Metro Weekly

Maryland conservatives weighing challenge to transgender-rights bill

The conservative political site is asking visitors to the website to fill out a survey on whether they would support gathering petition signatures aimed at overturning SB 212, a transgender-rights bill that is expected to be signed into law by Gov. Martin O’Malley (D) in the coming weeks. 

ParrottThe survey, which is open to the public, asks participants whether they support the “bathroom bill,” the derisive name given to SB 212 by its opponents; whether they support petitioning the measure to the ballot in 2014; whether they would sign petitions to place the law on the ballot; and whether they would be willing to volunteer, gather signatures or donate money and resources to a fight aimed at overturning the measure. 

SB 212, which prohibits discrimination based on a person’s gender identity or expression in the areas of employment, housing, credit and public accommodations, passed the Senate 32-15, and the House of Delegates 82-57. The bill extends protections for transgender individuals that already exist on the local level in Baltimore City, Baltimore County, Howard County and Montgomery County to the state’s remaining 20 counties. Seventeen other states and the District of Columbia already have similar protections for transgender people. 

Opponents of the bill have argued that the law will endanger women and girls by allowing sexual predators to claim they are transgender in order to commit sexual assault. Supporters of the measure dismiss such arguments as scare-mongering, and point to existing laws making it a crime to sneak into restrooms to sexually assault someone. Supporters also noted during debates over the bill that all but one of the opponents who claim they object to it simply because of the inclusion of public accommodations previously voted against a 2011 bill that did not include public accommodations and would have dealt only with preventing employment, housing and credit discrimination. is a conservative entity that seeks to petition many of the bills passed by the General Assembly in Annapolis to the ballot, a move that is legal under Maryland’s Constitution and allows voters to approve or reject specific pieces of legislation. Because the requirements can make it difficult to petition a piece of legislation to the ballot, the site was created to overcome procedural hurdles, allowing Maryland voters to access peitions they wish to sign and allowing a program to access accurate voter information from the Board of Elections, safeguarding against potential errors that have previously led to the disqualification of some signatures.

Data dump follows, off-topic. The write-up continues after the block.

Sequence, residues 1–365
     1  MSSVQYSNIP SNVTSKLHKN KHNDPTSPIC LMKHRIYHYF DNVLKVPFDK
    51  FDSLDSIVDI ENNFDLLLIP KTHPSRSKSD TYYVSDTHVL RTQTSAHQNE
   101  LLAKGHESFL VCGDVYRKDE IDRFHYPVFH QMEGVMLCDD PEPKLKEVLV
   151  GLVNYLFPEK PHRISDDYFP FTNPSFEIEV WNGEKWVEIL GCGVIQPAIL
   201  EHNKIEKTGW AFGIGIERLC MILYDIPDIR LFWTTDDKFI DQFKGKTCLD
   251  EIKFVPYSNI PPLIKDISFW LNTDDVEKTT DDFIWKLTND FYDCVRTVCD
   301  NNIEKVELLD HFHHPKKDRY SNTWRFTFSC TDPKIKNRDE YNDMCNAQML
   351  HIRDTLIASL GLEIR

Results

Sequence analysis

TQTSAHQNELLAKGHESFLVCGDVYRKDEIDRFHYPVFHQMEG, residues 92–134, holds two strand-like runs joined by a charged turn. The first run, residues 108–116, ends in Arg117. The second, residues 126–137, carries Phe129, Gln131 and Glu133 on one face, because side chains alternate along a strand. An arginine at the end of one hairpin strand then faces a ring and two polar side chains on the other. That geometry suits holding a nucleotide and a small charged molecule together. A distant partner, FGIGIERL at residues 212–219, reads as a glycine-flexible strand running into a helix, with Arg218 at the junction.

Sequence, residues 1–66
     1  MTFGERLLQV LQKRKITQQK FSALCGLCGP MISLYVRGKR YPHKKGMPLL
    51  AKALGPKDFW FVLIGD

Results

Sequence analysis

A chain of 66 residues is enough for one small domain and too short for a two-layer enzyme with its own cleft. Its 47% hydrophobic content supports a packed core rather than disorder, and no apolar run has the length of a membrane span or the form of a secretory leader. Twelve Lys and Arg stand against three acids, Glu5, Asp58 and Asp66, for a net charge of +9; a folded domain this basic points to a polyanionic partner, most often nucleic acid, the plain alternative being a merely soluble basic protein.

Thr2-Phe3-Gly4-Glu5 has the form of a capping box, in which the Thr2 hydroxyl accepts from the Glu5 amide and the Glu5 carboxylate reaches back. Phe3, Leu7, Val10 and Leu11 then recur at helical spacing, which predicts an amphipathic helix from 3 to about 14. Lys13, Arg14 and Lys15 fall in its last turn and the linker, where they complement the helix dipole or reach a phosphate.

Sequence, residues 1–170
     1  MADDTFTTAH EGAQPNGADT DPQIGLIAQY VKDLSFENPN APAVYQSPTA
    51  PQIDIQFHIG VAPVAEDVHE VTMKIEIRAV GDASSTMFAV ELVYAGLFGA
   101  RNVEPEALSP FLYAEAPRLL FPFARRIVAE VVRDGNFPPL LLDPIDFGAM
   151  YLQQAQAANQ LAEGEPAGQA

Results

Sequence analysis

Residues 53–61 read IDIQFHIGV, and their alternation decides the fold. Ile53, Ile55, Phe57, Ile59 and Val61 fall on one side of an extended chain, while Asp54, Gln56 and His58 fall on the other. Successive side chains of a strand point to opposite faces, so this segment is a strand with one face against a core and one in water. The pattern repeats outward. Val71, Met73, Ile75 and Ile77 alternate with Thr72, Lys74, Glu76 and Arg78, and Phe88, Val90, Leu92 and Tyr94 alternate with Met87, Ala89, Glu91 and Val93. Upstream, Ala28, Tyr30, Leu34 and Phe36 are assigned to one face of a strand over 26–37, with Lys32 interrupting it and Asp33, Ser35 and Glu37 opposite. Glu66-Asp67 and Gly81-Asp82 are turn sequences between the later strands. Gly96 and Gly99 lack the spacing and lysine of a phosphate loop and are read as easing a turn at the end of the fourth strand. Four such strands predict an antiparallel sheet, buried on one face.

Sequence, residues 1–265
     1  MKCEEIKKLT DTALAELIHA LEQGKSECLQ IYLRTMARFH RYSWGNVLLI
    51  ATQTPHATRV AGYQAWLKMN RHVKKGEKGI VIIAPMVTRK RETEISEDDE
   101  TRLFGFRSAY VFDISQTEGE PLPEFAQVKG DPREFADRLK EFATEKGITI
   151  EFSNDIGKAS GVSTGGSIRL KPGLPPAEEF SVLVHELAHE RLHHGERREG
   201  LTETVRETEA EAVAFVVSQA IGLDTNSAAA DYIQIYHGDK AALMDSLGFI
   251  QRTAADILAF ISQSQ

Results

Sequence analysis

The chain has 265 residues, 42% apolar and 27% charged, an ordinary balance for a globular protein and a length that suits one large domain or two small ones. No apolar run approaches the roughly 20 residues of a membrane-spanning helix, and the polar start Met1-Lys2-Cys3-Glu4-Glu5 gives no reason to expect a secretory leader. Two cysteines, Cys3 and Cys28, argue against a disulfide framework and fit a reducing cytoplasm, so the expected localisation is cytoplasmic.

“In the past several years, laws have been passed by a liberal-leaning legislature in Annapolis that simply do not make sense,” reads a passage on the site. “Often these laws were passed on the last day of the legislative session and buried so that many voters did not even know they were passed. These laws were passed without any viable check from the Maryland voters and over the objections of minorities in the legislature. … If enough people feel strongly about an issue, we feel strongly that it is important to let the people vote on it.”

MDPetitions was successful in petitioning four measures to the ballot in 2012: a Democratic-approved redistricting plan, an expansion of gambling, a Maryland-style DREAM Act aimed at allowing undocumented students to pay in-state tuition rates, and a bill legalizing same-sex marriage. All four pieces of legislation, including the marriage-equality bill, were approved by a majority of voters in the November 2012 general election.

The site is currently trying to overturn a package of gun-control reforms, as well as the recent repeal of capital punishment in the state. During debate on the gender-identity nondiscrimination bill, Republicans signaled that they would seek to thwart efforts to pass the bill, with Del. Neil Parrott (R-Washington Co.), the chairman of, attempting to use procedural maneuvers to halt SB 212’s progress. 

According to the Maryland State Board of Elections, to successfully petition the measure onto the 2014 ballot, alongside the races for governor, other statewide offices, and the General Assembly, opponents must collect 55,736 valid signatures from registered voters. No more than half of all signatures can be from one county or from Baltimore City. 

But a recent poll by Goucher College shows that opponents of the gender-identity bill face an uphill battle. According to the poll data, majorities of Marylanders – among all genders, races and even political parties – support efforts to provide protections for transgender individuals. Self-identified Republicans say they support providing such protections by a margin of 60 percent in favor to 27 percent opposed. Margins of support are even larger among Democrats and independents in the state. 

[Photo: Del. Neil Parrott. Credit: Neil Parrott for Delegate Facebook page.]

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